Healthy lives for young people

Coming out as trans

When you’re ready to come out to other people, don’t tell everyone at once. Start by picking someone you trust and who you feel will be supportive and understanding.

If you wish, you could talk to a professional who has expertise in dealing with trans and non-binary people. This may help you prepare for telling loved ones who will probably have lots of questions.

If you get a negative reaction, give that person space and time to process things. It can be a shock and people may need time to think about it, research it and digest. Try to put yourself in their shoes and consider the time it took you to come to terms with your gender identity.

Making contact with other people who are in a similar situation can really help. It can help to build your confidence which can really help you to talk to your loved ones.

Being accepted by your loved ones is an enormous stepping stone to building your self-esteem. Explain this to them and be wise about moving away from those who cannot or will not accept you for who you are.

If you ask those around you to start calling you by a different name, try to be patient about the fact it may take them a while to get used to this.

Dealing with discrimination

Sadly it’s not uncommon for trans men and trans women to experience prejudice and discrimination but what most trans men and trans women tell you is that the most important thing is to feel comfortable with your identity and to live your life in the way that feels best to you.

Some helpful strategies for building your resilience include:

Finding your supporters:
these are the people who have your best interests at heart, who support you to be who you want to be and who you can talk to and share problems with.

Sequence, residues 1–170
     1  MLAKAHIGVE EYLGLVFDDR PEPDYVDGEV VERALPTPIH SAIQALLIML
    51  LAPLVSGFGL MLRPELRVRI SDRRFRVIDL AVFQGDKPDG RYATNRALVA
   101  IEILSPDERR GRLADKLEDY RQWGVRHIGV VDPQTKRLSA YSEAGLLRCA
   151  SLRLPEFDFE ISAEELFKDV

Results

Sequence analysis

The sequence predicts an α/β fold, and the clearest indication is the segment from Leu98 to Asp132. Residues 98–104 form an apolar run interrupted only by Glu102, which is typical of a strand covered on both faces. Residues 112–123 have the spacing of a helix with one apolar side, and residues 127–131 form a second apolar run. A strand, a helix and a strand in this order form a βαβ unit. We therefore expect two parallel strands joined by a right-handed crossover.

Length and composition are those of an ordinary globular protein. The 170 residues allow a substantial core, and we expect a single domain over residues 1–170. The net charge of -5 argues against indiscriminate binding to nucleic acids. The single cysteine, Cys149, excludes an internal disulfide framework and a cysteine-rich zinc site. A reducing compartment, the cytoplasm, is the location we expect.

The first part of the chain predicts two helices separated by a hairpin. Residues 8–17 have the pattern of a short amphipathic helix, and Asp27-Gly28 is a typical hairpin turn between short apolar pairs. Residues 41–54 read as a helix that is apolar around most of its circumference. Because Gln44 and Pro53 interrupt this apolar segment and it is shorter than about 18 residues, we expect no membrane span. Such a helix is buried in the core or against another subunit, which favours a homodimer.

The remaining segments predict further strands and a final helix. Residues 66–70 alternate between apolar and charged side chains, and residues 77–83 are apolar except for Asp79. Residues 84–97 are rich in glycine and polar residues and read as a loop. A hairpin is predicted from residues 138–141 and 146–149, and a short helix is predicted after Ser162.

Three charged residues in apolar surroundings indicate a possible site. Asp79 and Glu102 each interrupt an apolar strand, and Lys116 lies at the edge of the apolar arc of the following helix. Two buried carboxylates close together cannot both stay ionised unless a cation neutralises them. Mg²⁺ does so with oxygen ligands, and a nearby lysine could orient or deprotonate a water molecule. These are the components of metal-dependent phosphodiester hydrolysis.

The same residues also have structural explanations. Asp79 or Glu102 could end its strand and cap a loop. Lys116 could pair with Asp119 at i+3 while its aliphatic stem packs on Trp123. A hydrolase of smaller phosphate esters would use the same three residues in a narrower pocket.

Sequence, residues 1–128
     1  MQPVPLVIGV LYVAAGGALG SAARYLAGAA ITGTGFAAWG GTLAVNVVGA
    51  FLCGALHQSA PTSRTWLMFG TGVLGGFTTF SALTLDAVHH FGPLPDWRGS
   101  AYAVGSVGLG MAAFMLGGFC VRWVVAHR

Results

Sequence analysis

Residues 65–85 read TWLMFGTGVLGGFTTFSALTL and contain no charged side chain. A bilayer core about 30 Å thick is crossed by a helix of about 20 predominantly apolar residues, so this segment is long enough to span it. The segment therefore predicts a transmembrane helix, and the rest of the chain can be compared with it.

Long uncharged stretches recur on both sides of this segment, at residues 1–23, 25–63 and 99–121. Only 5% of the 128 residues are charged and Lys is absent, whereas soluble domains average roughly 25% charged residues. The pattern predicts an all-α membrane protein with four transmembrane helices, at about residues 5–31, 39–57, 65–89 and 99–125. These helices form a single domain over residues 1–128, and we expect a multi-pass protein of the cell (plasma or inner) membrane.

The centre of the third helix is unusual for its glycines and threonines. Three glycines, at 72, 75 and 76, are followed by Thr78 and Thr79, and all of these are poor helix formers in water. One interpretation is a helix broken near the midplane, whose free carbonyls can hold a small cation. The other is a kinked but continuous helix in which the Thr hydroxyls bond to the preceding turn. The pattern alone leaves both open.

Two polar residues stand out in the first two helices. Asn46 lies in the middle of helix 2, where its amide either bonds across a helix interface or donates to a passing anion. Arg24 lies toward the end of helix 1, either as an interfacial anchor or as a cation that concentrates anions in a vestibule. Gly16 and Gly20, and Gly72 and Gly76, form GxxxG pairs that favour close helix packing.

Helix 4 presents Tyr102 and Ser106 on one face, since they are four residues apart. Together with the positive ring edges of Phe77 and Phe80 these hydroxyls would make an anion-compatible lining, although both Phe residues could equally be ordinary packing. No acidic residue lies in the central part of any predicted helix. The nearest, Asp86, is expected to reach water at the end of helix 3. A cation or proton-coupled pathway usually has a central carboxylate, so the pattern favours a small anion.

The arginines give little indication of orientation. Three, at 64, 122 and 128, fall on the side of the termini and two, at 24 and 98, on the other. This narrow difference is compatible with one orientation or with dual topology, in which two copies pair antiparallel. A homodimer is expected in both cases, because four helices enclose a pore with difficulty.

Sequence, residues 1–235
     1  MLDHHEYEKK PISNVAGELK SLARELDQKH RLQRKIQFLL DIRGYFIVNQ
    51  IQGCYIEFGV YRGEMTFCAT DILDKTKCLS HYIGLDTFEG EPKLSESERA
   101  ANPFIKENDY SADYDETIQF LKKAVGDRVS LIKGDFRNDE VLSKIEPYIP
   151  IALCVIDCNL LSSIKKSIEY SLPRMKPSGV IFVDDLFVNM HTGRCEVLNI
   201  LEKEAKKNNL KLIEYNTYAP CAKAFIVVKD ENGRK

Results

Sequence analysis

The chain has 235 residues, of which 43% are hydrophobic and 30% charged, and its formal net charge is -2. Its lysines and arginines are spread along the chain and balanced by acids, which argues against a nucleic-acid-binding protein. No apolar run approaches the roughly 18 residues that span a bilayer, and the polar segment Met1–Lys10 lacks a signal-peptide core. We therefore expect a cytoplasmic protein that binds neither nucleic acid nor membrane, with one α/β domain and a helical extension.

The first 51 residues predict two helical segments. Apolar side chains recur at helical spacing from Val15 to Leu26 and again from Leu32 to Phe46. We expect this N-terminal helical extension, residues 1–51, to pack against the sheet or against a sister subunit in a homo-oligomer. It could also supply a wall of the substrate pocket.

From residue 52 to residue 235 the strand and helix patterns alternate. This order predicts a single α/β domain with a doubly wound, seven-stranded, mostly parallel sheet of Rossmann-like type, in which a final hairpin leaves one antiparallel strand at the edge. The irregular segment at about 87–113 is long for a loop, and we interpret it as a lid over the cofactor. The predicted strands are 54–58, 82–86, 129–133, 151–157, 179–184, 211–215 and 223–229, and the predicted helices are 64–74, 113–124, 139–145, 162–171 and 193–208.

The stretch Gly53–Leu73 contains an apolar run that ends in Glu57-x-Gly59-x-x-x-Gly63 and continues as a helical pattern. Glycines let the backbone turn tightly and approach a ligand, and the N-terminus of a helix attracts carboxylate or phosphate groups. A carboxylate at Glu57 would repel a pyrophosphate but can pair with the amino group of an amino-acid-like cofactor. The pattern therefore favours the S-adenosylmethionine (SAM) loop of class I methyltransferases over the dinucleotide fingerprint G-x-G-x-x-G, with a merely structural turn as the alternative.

Know your rights:
any form of discrimination, harassment, bullying or name-calling is a hate crime and is illegal. The police have a duty to deal with this. Discrimination is also illegal so wherever you’ve experienced it – in a shop, pub or even at work, report it. You can read about your legal rights on
Get the right information:
below is a list of trusted organisations that you can go to for help, support and information. Trust us when we say that making contact with these organisations will really help you in believing that you’re not the only one who is going through this and that it doesn’t have to define your life. They will give you advice on everything from medical services to your social and legal rights.

Content reviewed by Kirstie McEwan – Lead tutor in Gender Studies, Cambridge Institute of Clinical Sexology, accredited therapist and trustee of the College of Sexual and Relationship Therapists.


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    What is the difference between sex and gender?


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